BRUSSELS (Reuters) - Britain should scrap entry visas for some non-Europeans, the EU’s top court said on Thursday in a ruling immediately seized upon by the anti-immigration UKIP party as ammunition against Prime Minister David Cameron.
Considering the case of a Colombian living in southern Spain with her British husband, the European Court of Justice (ECJ) said that under EU laws on free movement Britain could not oblige Helena Patricia McCarthy Rodriguez to seek a visa from its consulate in Madrid when she wanted to travel to Britain.
The immediate family members of EU citizens resident in EU states other than their home country were entitled to the same freedom to travel as their relatives, the Court said.
As Cameron arrived in Brussels for an EU summit, the Conservative prime minister’s spokesman said the government disagreed but would wait for an opinion from its own High Court, which passed the matter to the ECJ, before responding.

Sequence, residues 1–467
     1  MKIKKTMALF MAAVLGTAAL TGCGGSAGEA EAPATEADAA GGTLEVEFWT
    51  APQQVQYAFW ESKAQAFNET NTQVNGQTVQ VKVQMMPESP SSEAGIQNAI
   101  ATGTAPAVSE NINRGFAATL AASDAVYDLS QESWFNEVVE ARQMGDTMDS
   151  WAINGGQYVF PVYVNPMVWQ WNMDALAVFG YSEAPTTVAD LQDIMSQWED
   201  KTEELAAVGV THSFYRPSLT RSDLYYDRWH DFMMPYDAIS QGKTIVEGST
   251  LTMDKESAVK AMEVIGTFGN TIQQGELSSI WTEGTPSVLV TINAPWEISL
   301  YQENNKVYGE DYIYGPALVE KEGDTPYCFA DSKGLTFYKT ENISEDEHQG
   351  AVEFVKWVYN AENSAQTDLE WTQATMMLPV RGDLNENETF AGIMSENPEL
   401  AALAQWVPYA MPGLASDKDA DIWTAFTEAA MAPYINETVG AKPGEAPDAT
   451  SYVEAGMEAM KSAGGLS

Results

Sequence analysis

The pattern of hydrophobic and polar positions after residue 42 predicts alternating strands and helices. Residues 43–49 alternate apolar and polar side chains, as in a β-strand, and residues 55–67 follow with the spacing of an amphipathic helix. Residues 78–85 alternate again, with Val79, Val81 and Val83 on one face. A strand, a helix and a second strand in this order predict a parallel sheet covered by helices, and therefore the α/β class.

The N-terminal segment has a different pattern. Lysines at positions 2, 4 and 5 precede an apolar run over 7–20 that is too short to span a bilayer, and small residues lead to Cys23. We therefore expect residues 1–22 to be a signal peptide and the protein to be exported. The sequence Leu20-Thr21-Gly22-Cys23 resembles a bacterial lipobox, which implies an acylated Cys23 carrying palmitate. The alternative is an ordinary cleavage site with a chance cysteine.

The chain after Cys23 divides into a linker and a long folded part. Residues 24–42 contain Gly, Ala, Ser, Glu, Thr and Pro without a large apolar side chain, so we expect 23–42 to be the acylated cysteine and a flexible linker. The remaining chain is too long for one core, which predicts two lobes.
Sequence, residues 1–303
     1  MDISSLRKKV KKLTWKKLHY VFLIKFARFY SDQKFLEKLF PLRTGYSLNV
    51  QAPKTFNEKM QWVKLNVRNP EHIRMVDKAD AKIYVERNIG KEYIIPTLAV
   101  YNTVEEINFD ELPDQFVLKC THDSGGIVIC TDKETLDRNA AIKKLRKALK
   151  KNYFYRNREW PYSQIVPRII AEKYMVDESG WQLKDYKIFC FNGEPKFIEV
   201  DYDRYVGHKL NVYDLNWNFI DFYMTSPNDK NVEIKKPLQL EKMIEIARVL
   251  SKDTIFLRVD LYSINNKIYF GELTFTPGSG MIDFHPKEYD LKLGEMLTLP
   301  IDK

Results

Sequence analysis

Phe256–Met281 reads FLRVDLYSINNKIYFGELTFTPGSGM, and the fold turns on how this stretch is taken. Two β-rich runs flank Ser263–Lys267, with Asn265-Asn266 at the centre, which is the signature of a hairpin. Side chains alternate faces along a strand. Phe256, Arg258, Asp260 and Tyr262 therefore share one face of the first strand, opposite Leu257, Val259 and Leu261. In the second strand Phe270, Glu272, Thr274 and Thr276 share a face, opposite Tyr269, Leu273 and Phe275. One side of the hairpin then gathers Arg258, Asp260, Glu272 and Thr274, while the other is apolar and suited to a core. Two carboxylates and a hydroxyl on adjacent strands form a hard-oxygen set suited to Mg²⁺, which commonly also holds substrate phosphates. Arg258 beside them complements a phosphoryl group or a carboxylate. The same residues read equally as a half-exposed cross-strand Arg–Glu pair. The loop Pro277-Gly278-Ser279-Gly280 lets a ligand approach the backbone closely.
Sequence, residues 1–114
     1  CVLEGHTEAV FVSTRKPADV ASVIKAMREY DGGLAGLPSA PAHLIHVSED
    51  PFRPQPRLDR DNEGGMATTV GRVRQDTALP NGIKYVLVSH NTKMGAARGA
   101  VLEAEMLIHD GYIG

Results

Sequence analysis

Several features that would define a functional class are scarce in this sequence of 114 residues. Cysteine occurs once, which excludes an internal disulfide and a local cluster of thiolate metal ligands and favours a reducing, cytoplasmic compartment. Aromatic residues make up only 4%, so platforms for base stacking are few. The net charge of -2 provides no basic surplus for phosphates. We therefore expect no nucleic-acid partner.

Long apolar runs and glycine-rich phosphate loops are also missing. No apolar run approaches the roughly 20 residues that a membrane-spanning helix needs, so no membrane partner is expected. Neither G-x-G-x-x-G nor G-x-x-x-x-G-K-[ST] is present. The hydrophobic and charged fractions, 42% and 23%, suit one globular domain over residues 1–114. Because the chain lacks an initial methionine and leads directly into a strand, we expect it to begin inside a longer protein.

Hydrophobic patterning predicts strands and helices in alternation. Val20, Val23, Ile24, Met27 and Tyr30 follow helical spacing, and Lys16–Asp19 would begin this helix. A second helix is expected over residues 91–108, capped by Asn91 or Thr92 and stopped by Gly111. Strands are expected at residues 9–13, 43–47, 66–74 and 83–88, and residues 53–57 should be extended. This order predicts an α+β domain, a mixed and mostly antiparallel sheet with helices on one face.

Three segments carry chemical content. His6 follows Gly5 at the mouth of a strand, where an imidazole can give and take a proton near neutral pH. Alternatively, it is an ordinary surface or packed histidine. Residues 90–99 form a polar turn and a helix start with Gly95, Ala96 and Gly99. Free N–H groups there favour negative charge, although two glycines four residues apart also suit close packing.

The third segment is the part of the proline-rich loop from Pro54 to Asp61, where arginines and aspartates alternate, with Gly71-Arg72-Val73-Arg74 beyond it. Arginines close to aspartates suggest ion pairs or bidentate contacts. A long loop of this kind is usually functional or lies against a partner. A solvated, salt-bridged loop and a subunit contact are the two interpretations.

Cameron, who faces an election in May, has made greater national control of migration a key objective. He wants to review Britain’s relations with the European Union and has promised, if re-elected, to hold a referendum in 2017 on whether Britain should remain in the bloc.
The anti-EU UK Independence Party, riding high in polls, said residence permits in other EU states were subject to abuse and so the ruling showed Cameron’s pledge to control British borders with the rest of the bloc was “naive or dishonest”.
Cameron’s spokesman said: “The reason we have a system where we seek visas is because there is not a uniform consistency across other EU countries of the residence cards.”
The EU judges ruled that Britain should accept McCarthy Rodriguez’s Spanish residence permit unless it had specific grounds to believe it was not genuine.
Additional reporting by William James in London; Editing by Mark Trevelyan